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AAA Music | 7 April 2020

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| On 07, Jul 2015


Despite the hard times, political instability, social struggles and never-ending conflicts, the Azawad still rocks…today like thirty years ago. Because, as in 1980s, when Tinariwen began to catalyse music lovers’ attentions on the region, desert blues ensembles are still spreading their unique sound winning over more and more fans all over the world.

The most recent example to ascribe to this list is the fifth album published by Terakaft (the Caravan), a band which has always been on the same wavelength with Tinariwen, also sharing some of its members. Téneré (translated Alone) is an important step along the path undertaken by the Caravan: it’s a work that easily highlights the independent soul of the band, distancing Terakaft from their more experienced and prominent desert neighbours.

From the first chapter of the album, titled ‘Anabayou’ (Awkward), the bluesy spirit of the band reveals itself in all its effectiveness also displaying the mood of the opera. For the following forty minutes, a cadenced, relentless and persuasive rhythm leads the listener through the vastness of Sahara. The unique and incessant sound produced by Diara and his nephew Sanou’s guitars is still the trademark of the band.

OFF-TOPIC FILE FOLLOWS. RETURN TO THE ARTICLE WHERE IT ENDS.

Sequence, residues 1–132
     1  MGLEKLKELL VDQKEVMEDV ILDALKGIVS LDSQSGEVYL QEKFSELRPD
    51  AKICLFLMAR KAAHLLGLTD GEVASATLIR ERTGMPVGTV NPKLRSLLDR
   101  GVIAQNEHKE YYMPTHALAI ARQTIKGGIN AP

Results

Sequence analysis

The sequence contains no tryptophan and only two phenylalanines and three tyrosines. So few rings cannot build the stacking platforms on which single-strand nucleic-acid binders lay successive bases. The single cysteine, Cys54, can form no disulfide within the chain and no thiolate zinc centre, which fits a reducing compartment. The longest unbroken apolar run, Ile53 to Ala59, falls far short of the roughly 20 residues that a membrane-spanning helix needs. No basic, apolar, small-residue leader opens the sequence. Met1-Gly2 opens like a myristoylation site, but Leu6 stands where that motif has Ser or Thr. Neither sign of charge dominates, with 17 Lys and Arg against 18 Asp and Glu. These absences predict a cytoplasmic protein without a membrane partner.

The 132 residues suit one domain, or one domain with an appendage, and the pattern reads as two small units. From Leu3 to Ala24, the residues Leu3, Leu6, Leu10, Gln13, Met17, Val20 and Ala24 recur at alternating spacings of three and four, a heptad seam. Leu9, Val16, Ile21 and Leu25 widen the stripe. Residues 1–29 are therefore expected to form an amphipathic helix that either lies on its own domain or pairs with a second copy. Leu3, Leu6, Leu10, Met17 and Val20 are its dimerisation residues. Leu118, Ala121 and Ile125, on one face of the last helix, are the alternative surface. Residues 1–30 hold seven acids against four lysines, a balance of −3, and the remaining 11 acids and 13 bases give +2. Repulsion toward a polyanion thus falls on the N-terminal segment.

Terakaft’s sound is clearly a family affair: uncle and nephew are also the composers of all the lyrics and music. However, on this occasion, the touch of Just Adams is more distinctive than ever, giving the album a precise direction.

The influence of the American producer and musician, who previously worked with artists like Robert Plant and Tinariwen, plays a crucial role in the work: Adams adds more rhythmic, sometimes even dancey arrangements to the characteristic Terakaft’s desert blues. He also imports exotic references, which give Téneré a Western of Central Africa scent too. An example is what happens in the opening track. ‘Anabayou’ enjoys a bouncing groove, which is set free by catching percussion beats.

Other chapters of the record are more “traditional”, recovering the original and rarefied musical soul of Terakaft. ‘Ittila Ihene Dagh Aitma’ (To My Brothers) is a marvelous continuum of uplifting chord patterns, while ‘Amidinin Senta Aleflas’ (My Confidant) is a joyful and animated ode to friendship.

Next to the incisive and magnetic notes, the lyrics are precious and intense, arguably some of the most meaningful ever written by Diara and Sanou. Téneré is a reflection of Northern Africa present. But more than wasting time trying to explain the murky political circumstances, it prefers to mirror the social situation: how common people are living this though time and what they think about it. The opera is a call to unity among Tuareg tribes, to being honest and trustworthy with brothers and friends. At the same time, it is also an appeal to tribes’ chiefs to act wisely and respect their people: too many divisions, too much lust for money and power.

For the fifth time in their career, Terakaft have released a remarkable work, to show that the wind of the desert blues still blows strong and hot all over the world. For the first time, they can be finally considered as guides for the desert-blues music scene.

Marco Canepari

Review Overview

Marco Canepari


Next to the incisive and magnetic notes, the lyrics are precious and intense, arguably some of the most meaningful ever written by Diara and Sanou.